When you go back to count your stitches, count the chain 3 as if it were a double crochet.

But again there’s an exception…

Just like with the half double crochet, if a pattern tells you the chain 3 counts as a stitch, then you’ll continue with the pattern as I explained above. If a pattern tells you the chain 3 does not count as a stitch, then you would place your first double crochet into the very first stitch. Then you would ignore the chain 3 when counting your stitches.


Treble Crochet Turning Chain Explanation

I didn’t mention the treble crochet stitch in the video tutorial, but I thought it would be good to mention it here.

When you’re working rows of treble crochet, you will chain 4 as your turning chain at the beginning of each row. This chain DOES count as a stitch, meaning you will skip the very first stitch (sometimes called a false stitch) and create your first treble crochet into the next stitch.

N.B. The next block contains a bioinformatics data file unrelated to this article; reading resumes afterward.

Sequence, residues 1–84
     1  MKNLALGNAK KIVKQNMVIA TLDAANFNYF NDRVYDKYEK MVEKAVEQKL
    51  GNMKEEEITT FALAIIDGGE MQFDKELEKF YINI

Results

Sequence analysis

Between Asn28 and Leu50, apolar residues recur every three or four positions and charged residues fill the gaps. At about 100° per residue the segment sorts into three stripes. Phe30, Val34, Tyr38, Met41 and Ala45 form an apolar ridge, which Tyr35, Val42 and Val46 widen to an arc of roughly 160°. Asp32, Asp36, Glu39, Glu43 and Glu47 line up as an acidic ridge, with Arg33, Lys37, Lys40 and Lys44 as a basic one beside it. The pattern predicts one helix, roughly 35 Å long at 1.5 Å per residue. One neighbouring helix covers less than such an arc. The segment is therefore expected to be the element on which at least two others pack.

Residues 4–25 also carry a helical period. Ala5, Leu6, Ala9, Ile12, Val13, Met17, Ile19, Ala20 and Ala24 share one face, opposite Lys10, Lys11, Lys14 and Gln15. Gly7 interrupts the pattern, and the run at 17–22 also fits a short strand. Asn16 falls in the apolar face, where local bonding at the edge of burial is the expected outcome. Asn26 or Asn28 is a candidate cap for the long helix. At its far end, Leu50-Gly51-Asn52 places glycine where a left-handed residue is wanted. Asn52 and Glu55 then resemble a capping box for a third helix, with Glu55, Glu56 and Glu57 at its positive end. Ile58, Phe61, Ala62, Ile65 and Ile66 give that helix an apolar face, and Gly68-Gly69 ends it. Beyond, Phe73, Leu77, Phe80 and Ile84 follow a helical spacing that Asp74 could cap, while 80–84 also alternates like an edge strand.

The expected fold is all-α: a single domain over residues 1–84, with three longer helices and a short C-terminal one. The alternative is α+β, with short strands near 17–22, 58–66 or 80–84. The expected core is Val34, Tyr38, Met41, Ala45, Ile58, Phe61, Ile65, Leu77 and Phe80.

When you go back to count your stitches, count the chain 4 as if it were a treble crochet.


When I look up turning chains, why is the information so contradicting?

The reason why it’s hard to find a straight answer is because it all comes down to personal preference.

The straight up answers I gave you above are the technical answers, but anyone can be a designer and each one of them has their own personal preference. That’s why it’s so important to read the notes section of a pattern because that is where you’ll find this information.

Commonly, you’ll see patterns that chain 2 at the beginning of a double crochet row and the notes will say something like “the chain 2 at the beginning of the row does not count as a stitch.”

This is because when you chain 3 and skip the first stitch for a double crochet, it leaves a larger gap. A lot of designers don’t like this so instead they chain 2 and double crochet into the very first stitch to eliminate that gap.